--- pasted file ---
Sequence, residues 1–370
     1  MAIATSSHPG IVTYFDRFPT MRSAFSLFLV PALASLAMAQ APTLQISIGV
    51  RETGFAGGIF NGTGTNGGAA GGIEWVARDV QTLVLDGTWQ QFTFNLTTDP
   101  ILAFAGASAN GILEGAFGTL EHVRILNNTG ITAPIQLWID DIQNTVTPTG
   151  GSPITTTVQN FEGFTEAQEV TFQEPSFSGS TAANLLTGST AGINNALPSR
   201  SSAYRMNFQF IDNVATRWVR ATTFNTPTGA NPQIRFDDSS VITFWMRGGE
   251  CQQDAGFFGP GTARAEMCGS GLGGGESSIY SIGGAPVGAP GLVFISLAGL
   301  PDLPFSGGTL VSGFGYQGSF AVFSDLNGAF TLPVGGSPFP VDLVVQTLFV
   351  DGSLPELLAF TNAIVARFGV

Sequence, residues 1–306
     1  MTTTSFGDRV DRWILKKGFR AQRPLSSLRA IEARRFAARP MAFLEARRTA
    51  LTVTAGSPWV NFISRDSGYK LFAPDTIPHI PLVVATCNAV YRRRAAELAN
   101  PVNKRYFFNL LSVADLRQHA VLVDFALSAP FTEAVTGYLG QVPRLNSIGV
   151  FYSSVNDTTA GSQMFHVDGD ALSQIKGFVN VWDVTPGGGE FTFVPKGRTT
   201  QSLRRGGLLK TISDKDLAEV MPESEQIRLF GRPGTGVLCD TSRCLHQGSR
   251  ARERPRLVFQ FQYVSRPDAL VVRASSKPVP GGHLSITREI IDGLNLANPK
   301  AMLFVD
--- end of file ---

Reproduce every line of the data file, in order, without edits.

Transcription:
Sequence, residues 1–370
     1  MAIATSSHPG IVTYFDRFPT MRSAFSLFLV PALASLAMAQ APTLQISIGV
    51  RETGFAGGIF NGTGTNGGAA GGIEWVARDV QTLVLDGTWQ QFTFNLTTDP
   101  ILAFAGASAN GILEGAFGTL EHVRILNNTG ITAPIQLWID DIQNTVTPTG
   151  GSPITTTVQN FEGFTEAQEV TFQEPSFSGS TAANLLTGST AGINNALPSR
   201  SSAYRMNFQF IDNVATRWVR ATTFNTPTGA NPQIRFDDSS VITFWMRGGE
   251  CQQDAGFFGP GTARAEMCGS GLGGGESSIY SIGGAPVGAP GLVFISLAGL
   301  PDLPFSGGTL VSGFGYQGSF AVFSDLNGAF TLPVGGSPFP VDLVVQTLFV
   351  DGSLPELLAF TNAIVARFGV

Sequence, residues 1–306
     1  MTTTSFGDRV DRWILKKGFR AQRPLSSLRA IEARRFAARP MAFLEARRTA
    51  LTVTAGSPWV NFISRDSGYK LFAPDTIPHI PLVVATCNAV YRRRAAELAN
   101  PVNKRYFFNL LSVADLRQHA VLVDFALSAP FTEAVTGYLG QVPRLNSIGV
   151  FYSSVNDTTA GSQMFHVDGD ALSQIKGFVN VWDVTPGGGE FTFVPKGRTT
   201  QSLRRGGLLK TISDKDLAEV MPESEQIRLF GRPGTGVLCD TSRCLHQGSR
   251  ARERPRLVFQ FQYVSRPDAL VVRASSKPVP GGHLSITREI IDGLNLANPK
   301  AMLFVD